Former Akebia and Merrimack Employees Convicted of Insider Trading
Schultz Chan, the former director of biostatistics at Cambridge-based Akebia Therapeutics and Songjiang Wang, a director of statistical programming at Merrimack Pharmaceuticals (MACK) were convicted of insider trading by a federal grand jury in Boston.
Chan was convicted of one count of conspiracy to commit securities fraud and three counts of securities fraud. Wang was convicted of one count of conspiracy to commit securities fraud and two counts of securities fraud. The verdict was handed down after less than an hour of deliberation by the jury, Reuters reported. Both men will be sentenced in October.
According to the charges the two men conspired from November 2013 to September 2015, which was one month after Chan became director of biostatistics at Akebia.
Chan was charged on three counts of securities fraud in June 2016. According to the U.S. Department of Justice, Wang and Chan conspired to commit securities fraud by trading insider information regarding successful clinical drug trials at their respective companies. Wang allegedly traded on inside information Chan provided regarding a clinical study conducted by Chan’s employer. When the charges were handed out, the U.S. Attorney’s office did not specify which clinical study the duo traded on, Law 360 reported last year that the two used information regarding a Phase II trial for Vadadustat, a drug used to treat dialysis patients with anemia. In September 2015, Akebia announced positive results from the Phase II trial of Vadadustat and company stock jumped 45 percent.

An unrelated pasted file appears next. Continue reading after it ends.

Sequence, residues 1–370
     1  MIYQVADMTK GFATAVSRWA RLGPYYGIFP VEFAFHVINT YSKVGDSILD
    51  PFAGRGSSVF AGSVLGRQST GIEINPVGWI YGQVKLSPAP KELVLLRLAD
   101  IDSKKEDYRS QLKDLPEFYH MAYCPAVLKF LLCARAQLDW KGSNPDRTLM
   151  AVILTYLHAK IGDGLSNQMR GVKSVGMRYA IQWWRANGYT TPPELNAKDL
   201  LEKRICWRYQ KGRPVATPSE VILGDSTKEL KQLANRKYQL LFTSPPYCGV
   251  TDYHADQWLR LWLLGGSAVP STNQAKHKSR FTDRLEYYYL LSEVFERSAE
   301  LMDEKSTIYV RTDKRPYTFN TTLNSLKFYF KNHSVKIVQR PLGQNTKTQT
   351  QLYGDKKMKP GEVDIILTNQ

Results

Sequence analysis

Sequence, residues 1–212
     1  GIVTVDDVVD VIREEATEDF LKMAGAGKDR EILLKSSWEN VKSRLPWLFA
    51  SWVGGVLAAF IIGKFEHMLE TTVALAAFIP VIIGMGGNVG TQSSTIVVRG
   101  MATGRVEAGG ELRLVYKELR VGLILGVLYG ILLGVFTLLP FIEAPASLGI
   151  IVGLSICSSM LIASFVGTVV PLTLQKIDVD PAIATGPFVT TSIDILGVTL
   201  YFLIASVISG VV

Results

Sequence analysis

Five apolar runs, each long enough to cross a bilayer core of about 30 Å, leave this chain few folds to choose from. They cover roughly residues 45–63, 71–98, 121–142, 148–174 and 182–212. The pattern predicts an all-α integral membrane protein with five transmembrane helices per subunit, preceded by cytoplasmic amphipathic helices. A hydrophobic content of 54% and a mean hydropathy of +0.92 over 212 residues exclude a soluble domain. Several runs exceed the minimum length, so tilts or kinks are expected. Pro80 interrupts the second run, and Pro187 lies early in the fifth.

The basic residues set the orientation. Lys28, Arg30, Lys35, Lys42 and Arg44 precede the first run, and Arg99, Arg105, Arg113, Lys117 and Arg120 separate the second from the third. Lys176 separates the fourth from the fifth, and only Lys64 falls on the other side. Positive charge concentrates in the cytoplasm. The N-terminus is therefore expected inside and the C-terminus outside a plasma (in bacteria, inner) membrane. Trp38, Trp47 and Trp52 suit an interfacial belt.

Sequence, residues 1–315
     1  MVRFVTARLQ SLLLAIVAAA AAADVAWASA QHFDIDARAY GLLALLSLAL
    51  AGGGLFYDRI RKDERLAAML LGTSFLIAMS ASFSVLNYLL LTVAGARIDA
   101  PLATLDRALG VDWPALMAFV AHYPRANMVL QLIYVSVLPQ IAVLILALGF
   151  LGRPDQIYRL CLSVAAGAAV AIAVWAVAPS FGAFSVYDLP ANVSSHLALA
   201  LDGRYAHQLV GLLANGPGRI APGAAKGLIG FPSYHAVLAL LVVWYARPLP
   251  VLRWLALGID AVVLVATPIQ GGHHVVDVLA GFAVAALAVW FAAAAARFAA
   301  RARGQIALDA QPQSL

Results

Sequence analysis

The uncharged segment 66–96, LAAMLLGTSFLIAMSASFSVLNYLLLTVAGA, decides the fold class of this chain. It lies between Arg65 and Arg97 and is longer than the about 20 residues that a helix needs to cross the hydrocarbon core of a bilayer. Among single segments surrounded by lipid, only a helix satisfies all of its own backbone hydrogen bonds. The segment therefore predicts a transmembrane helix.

Wang acquired shares of Akebia before the announcement and made approximately $105,000 off the deal, according to the government charges.
Wang, the government argued, reciprocated with inside information about trials being conducted at Merrimack. Wang gave money to Chan, prosecutors said, so he could acquire Merrimack stock based on that information. In March 2015, the government said Chan wrote a check to Wang for $84,000 for his share of profits from those trades, Reuters reported.
Both Chan and Wang pleaded not guilty to the charges. During the trial Chan argued that he made the trades based on his own independent analysis from publicly available information, not from information provided by his friend, Reuters said.
When asked about the $84,000 check, Chan told the prosecution that it was repayment for a loan used to pay contractors to work on two properties. When pressed by the prosecution though, Chan could not come up with the name of the contractors, Reuters said.
Chan was re-arrested last fall following charges he had violated his bail conditions. There were questions of whether or not Chan and his wife planned to flee the country to China. In the summer of 2017, Chan’s wife acquired airline tickets for herself, Chan and their daughter.